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Discover the secrets to writing powerful emails your colleagues will read and answer by crafting your message and delivery. In this short course, author and business writing professor Judy Steiner-Williams shows you how to write emails for maximum readability and impact. Discover how to craft a compelling opening, how to message the right people at the right time, and how to leverage etiquette to use email as one of many communications tools.
You planned your email's personalized content, you composed your complete, easy to read message, and now you're ready to hit the Send button. Wait, not quite yet. Once you hit that Send button, the email is gone. Before hitting Send, you need to complete that all important final step. Check your message. What should be checked? Simple checks include reading for omitted words such as, you will need submit two ideas for Monday's meeting. Reading this aloud would have alerted you that to was omitted.
Reading for wrong words. Please submit you three ideas for Monday's meeting. Of course, you needs to be your. Look at this one. Connie Smyth and Seth McMain ate the only security personnel on duty at 8 a.m., thanks. Striking the letter t rather than r makes a big difference. Look at the message's mechanics. The meeting Friday is required all employees need to plan to stay from 2 to 4. This sentence would be identified as a run-on sentence.
The grammar alert would probably suggest that it'd be corrected to, the meeting Friday is required. And then a new sentence. All employees need to plan to stay from 2 to 4. Grammar and punctuation checkers will alert you to many of these more simplistic errors, but may not alert you to other items to verify before sending, including, are names spelled correctly, are correct amounts given? Equally important to check, but more difficult, are content concerns. Have you thoroughly analyzed your reader and included all the information that reader needs to know? If your email is to announce a meeting, have you included the purpose, the time, the place and the agenda for the meeting? If your message doesn't include all this necessary information, you will probably get multiple response emails asking these questions.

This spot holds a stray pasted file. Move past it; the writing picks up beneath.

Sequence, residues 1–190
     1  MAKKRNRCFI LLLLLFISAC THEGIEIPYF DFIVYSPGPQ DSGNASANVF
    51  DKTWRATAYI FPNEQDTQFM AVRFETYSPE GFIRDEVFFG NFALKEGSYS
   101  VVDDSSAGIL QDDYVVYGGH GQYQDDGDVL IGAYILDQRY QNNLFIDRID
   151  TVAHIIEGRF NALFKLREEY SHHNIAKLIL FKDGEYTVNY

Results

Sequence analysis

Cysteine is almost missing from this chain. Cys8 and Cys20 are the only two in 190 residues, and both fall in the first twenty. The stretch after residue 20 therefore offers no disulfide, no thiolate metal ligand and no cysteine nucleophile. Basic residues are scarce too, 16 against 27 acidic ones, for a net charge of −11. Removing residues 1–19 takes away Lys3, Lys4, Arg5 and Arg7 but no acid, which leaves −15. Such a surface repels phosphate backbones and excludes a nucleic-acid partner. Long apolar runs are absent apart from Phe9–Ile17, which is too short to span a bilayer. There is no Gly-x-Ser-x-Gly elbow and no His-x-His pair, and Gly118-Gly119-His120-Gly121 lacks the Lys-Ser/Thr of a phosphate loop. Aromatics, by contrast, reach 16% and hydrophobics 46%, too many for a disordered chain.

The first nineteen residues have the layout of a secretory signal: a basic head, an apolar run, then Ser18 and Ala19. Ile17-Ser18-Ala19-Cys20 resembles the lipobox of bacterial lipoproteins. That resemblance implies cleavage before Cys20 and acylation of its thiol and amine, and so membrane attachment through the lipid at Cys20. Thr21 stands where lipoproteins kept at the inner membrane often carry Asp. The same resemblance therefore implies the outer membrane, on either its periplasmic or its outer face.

Taking the time to be certain you included all the necessary information is much less time-consuming than having to answer individual questions. Is the subject line complete and concise? Will the reader know the importance of reading the message? Also, do one final check of the tone. This is the most difficult to check, in fact, have someone else read your message before you send it. Ask that person's opinion on the tone. If I ask your input on this message's tone, what would you tell me? I can't grant you a bonus if the Smelth account deadline isn't met.
Be sure you are putting in a full day's work. We have a lot of work to get completed. Possibly, you would tell me the message sounds harsh, demanding, and condescending. Maybe, I could revise it to get my message across, but with a more positive tone. Which would keep the reader from becoming defensive. A more positive tone might also help me achieve my goal of getting everyone to work harder. Because the deadline on the Smelth account is Friday, we all need to work extra hard this week to meet the deadline to get our bonus. Let me know if you need anything to help you complete this project by Friday.
One final check for mechanics, correct recipients, complete content, and subject line, and tone. Now, you are ready to hit that Send button.
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